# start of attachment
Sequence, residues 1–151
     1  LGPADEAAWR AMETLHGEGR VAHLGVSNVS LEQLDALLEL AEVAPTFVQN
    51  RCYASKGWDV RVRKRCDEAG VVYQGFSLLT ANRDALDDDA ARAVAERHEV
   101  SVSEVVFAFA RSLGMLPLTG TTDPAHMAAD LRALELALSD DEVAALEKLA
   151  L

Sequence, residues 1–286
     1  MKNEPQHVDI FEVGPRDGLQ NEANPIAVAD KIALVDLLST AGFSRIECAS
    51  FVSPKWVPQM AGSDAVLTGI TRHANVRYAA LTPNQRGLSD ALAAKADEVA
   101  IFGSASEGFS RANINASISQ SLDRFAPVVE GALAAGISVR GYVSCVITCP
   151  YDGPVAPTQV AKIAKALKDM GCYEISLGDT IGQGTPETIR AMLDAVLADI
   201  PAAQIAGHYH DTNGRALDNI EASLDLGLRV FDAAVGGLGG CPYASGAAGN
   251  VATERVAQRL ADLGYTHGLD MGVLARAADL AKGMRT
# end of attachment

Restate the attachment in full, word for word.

Sequence, residues 1–151
     1  LGPADEAAWR AMETLHGEGR VAHLGVSNVS LEQLDALLEL AEVAPTFVQN
    51  RCYASKGWDV RVRKRCDEAG VVYQGFSLLT ANRDALDDDA ARAVAERHEV
   101  SVSEVVFAFA RSLGMLPLTG TTDPAHMAAD LRALELALSD DEVAALEKLA
   151  L

Sequence, residues 1–286
     1  MKNEPQHVDI FEVGPRDGLQ NEANPIAVAD KIALVDLLST AGFSRIECAS
    51  FVSPKWVPQM AGSDAVLTGI TRHANVRYAA LTPNQRGLSD ALAAKADEVA
   101  IFGSASEGFS RANINASISQ SLDRFAPVVE GALAAGISVR GYVSCVITCP
   151  YDGPVAPTQV AKIAKALKDM GCYEISLGDT IGQGTPETIR AMLDAVLADI
   201  PAAQIAGHYH DTNGRALDNI EASLDLGLRV FDAAVGGLGG CPYASGAAGN
   251  VATERVAQRL ADLGYTHGLD MGVLARAADL AKGMRT